3. Bikinis & Cellulite
I purchased this bikini specifically for my first trip to Miami. When I look at this image now, all I see happiness and self love in my expression. I swam in the ocean by myself and felt really great. No one said anything to me about my fat body in that swimsuit.
A few weeks later, I would end up in a hospital room with my mom while simultaneously being attacked by a comedian on Twitter who I had confronted about using one of my images for an anti-feminist meme he created. He then shared this image as well.
This photo had represented so much personal self love that in that moment when I started to received so much harassment and fat shaming from him and his followers, I deleted it from my Twitter. Looking back, I wish I hadn't done so. But deleting it and removing Twitter from my phone that day was the self care I needed. It still makes me mad that someone chose to use this photo as a way to attack me. But it certainly won't stop me from wearing that bikini or any other bikini again.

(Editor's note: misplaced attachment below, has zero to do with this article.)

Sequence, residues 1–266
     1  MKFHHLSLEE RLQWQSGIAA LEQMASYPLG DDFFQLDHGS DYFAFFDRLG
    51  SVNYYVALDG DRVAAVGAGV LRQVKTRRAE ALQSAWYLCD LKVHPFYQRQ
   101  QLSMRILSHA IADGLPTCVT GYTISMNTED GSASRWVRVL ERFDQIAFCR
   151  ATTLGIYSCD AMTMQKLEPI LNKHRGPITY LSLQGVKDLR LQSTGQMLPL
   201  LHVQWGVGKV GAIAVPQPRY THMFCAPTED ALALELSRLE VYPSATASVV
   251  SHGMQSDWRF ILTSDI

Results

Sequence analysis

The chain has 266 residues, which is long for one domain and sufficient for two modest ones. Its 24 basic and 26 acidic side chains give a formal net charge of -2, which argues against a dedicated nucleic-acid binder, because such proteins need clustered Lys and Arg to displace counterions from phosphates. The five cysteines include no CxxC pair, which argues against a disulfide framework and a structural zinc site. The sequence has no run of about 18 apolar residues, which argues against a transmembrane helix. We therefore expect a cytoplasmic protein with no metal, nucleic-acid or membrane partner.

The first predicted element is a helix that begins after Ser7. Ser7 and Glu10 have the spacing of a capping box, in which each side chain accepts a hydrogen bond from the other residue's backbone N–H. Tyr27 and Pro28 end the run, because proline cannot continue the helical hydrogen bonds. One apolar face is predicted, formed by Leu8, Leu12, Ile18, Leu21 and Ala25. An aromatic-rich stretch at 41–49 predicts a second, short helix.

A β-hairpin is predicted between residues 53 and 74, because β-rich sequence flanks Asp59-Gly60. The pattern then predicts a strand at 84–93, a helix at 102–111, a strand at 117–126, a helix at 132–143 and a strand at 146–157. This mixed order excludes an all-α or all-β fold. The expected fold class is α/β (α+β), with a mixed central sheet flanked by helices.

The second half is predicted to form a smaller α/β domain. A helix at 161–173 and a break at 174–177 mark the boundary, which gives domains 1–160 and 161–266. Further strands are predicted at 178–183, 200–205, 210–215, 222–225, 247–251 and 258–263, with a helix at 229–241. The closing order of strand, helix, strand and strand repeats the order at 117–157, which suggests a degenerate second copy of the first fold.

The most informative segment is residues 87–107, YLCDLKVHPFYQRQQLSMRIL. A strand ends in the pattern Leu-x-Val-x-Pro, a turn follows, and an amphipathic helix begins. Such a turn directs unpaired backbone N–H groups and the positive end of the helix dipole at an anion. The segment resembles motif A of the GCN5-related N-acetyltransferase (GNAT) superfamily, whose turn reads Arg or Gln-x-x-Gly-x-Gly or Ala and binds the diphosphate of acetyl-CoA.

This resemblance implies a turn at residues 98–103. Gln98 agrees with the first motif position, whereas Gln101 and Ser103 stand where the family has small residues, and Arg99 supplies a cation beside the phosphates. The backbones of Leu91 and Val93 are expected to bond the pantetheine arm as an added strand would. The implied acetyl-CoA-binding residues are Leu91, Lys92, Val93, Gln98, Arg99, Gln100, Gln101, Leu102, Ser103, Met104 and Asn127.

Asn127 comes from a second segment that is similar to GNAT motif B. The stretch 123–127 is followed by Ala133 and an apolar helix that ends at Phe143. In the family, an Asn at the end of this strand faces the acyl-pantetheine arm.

4. Short Shorts & Thick Thighs
I remember wearing these shorts for the first time, and they were super comfy. I did step on an ant hill while taking this picture, which a stranger definitely pointed out to me, but not a word was said about my short shorts.
Online, I very distinctly remember commenters on Facebook having a lot to say about these shorts, seen originally in this story. Mostly people said that they were too tight and that I shouldn't be wearing them at my size. For the record, these shorts are my size. So let's discuss the real issue here: The sight of my fat thighs in these tight shorts makes people uncomfortable. Even armed with this knowledge, I still had to stop reading comments on my stories after that.